For most Americans, the Newtown tragedy served as a gut-wrenching reminder that life is precious.  The massacre instantly brought communities together, prompting thousands of citizens to publicize condolences and donate to Newtown-related charities.  However, according to three Congress members from Connecticut, many Facebook tribute pages have “become vehicles for harassment, intimidation and possibly financial fraud.”

Senators Chris Murphy and Richard Blumenthal and Representative Elizabeth Esty recently sent a letter to Facebook, requesting that the company remove a large number of unofficial pages dedicated to Newtown.  The lawmakers indicated that pages “give the appearance that they were created by loved ones in the names of the victims” and often request monetary donations for potentially fictitious charities.  For example, there are over 100 memorial pages using the name or likeness of Victoria Soto, a young teacher who was killed while protecting her first grade students from the Newtown gunman.  The vast majority of these pages were created without the permission of Soto’s family and friends–and many of them contain hateful messages, as well as postings from conspiracy theorists who claim that the shooting was fabricated and that Soto was simply an actress.

The Congress members explained, “Pages providing platforms for people to violate the privacy of families as they grieve, or seek financial gain through soliciting donations under false pretenses, or generating Facebook ‘likes’ for marketing purposes, should not be given quarter in the Facebook community.”  They further noted that these types of pages violate Facebook’s terms of use, which prohibit users from creating accounts for others without their permission, as well as posting content that infringes the rights of others or violates the law.

Facebook responded positively to the lawmakers’ requests–and on February 25th, the company contacted Senator Blumenthal’s office, explaining that it “had already begun removing abusive pages” and will continue to do so.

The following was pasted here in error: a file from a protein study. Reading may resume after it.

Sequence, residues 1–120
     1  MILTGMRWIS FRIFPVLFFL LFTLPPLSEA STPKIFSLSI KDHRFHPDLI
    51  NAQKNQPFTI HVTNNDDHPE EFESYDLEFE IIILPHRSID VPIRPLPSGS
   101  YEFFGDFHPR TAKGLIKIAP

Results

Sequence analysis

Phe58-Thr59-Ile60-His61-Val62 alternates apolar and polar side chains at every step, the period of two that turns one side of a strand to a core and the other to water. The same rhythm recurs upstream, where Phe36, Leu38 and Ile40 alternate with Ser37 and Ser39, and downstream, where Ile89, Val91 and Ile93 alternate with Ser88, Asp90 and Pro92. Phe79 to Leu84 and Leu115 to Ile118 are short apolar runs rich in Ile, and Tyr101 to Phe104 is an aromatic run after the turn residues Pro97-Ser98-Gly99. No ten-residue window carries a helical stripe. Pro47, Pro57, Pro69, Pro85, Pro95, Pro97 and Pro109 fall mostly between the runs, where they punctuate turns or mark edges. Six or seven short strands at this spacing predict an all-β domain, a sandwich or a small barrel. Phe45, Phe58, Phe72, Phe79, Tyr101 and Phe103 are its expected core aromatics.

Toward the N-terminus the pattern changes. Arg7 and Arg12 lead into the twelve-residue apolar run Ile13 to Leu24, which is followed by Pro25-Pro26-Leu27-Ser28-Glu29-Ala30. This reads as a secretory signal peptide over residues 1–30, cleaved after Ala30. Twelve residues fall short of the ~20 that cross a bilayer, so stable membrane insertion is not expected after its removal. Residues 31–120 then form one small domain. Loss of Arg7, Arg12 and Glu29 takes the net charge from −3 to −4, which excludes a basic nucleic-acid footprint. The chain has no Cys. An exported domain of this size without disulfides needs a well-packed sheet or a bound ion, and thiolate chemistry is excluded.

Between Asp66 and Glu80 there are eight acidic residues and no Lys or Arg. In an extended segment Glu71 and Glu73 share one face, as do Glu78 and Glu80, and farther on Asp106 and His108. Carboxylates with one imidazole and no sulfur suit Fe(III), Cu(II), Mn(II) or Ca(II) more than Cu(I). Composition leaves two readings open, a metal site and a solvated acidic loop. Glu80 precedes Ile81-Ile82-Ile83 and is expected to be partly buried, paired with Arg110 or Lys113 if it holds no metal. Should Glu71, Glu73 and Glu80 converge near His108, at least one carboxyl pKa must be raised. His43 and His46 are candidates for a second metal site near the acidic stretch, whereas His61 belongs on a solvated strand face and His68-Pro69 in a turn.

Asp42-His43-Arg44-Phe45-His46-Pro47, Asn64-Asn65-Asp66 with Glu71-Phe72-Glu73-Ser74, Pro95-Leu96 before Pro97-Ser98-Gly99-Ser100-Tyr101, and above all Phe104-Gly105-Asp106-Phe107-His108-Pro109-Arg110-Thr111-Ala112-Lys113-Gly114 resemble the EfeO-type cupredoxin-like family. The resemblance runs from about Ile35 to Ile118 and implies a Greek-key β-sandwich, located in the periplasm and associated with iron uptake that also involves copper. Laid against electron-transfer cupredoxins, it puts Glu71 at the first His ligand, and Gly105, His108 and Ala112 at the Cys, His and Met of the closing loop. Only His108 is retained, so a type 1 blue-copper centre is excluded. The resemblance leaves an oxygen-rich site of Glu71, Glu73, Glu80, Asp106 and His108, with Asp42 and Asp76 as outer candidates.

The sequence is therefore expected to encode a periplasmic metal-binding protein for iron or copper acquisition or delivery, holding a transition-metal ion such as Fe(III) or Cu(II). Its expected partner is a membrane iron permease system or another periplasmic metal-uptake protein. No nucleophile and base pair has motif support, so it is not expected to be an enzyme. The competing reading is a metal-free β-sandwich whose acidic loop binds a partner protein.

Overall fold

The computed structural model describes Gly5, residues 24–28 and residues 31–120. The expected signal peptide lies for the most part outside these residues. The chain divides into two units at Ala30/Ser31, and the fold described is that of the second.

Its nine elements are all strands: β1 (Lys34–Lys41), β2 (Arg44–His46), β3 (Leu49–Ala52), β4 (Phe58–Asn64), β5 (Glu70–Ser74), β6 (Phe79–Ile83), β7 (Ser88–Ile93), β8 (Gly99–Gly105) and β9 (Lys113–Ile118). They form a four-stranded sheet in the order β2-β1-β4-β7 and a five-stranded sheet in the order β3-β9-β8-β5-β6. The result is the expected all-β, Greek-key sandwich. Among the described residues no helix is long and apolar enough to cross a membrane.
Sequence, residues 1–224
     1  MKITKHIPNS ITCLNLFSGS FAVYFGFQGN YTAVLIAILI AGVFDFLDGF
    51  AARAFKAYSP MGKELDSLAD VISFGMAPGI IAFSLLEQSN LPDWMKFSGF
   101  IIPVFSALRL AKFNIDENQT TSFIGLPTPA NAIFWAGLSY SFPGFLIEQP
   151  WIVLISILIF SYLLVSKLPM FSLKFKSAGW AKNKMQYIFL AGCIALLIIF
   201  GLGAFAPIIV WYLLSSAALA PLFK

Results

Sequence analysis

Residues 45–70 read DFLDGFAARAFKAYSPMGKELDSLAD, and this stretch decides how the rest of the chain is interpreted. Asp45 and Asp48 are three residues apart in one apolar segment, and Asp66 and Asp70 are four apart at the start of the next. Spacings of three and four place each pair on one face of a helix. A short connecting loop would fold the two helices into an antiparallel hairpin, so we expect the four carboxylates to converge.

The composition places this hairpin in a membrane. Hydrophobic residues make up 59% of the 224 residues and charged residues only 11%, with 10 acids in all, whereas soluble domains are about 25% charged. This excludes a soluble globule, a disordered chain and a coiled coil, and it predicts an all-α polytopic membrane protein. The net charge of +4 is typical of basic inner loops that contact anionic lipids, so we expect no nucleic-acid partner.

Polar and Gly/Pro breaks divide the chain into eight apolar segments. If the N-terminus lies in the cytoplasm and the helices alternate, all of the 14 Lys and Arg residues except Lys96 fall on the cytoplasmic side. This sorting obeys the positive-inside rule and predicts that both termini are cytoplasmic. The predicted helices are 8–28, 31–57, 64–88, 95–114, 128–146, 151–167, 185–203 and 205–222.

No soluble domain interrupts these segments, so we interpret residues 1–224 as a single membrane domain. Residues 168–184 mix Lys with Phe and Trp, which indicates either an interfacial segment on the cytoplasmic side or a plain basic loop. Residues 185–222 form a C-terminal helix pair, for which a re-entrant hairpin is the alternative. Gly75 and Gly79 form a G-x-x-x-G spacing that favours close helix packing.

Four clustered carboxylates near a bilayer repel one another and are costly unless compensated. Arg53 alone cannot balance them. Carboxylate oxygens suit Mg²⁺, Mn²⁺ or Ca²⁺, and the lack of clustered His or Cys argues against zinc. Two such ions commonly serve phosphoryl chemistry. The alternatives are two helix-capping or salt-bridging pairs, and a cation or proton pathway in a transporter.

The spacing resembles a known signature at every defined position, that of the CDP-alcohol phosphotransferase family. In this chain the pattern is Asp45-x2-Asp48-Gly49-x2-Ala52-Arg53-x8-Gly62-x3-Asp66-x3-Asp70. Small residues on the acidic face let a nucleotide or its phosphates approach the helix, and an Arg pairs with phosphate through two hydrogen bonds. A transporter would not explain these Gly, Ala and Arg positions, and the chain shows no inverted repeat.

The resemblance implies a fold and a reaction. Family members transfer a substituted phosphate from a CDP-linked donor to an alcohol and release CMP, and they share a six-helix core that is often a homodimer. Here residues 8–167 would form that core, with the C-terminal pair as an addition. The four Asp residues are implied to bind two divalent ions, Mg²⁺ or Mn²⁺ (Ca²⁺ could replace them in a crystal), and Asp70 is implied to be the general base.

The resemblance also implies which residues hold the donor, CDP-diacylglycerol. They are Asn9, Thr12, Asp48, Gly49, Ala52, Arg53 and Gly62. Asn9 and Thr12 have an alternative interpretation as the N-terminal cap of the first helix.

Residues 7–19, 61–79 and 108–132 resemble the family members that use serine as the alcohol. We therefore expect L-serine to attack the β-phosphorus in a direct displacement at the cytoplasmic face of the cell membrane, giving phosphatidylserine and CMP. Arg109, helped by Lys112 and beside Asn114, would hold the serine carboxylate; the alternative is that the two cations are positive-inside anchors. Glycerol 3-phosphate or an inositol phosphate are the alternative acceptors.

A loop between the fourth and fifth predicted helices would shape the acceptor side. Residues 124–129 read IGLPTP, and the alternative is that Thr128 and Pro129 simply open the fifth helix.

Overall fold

While Facebook should certainly eliminate Newtown pages that amount to fraud or harassment, what about all of those pages that fall into the gray area “between harassment or appropriation and offensive but allowable commentary on an event or person”?  Is extensive Facebook policing dangerous in this context?  Should family members of victims have any say over who can and cannot make a public website honoring their loved ones?

Julie Latsko

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3 Responses to Profiting from Tragedy: Congress Members Say Enough is Enough

  1. Colton Cline says:

    Awesome post. I fall pretty firmly in the “let Facebook do what it will” camp. Obviously, Facebook, being a private company, has no duty to protect anyone’s First Amendment rights. You are protected from the government in limited situations under the First Amendment, but Facebook doesn’t have to allow you to post anything. This all becomes even more complicated when you look at the “crowd sourced” amateur investigations following the Boston bombings. Sites are going to have to start worrying about their degree of liability when users misidentify a subject and something bad happens.

  2. Mary Fletcher King says:

    I think an equally important question is whether family members of the killers can have a say over who can make a website condemning their loved ones. On Facebook, there are numerous “Adam Lanza Burn in Hell” and “James Holmes Must Burn in Hell” pages. I would think these would fall under Facebook’s harassment policy and should be removed. If Facebook is removing victims’ pages, it should not have a double-standard, and should remove the killers’ pages as well. I’m sure there are family members who are extremely upset by these pages.

  3. Michael Dearington says:

    Great post, Julie! I figured this basest form of fraud was unthinkable until the arrest of Nouel Alba back in December for using Facebook to solicit Newtown-related donations ( Not only am I still surprised at the continued repugnance, but I also thought fraudsters would have taken Alba’s arrest as a warning.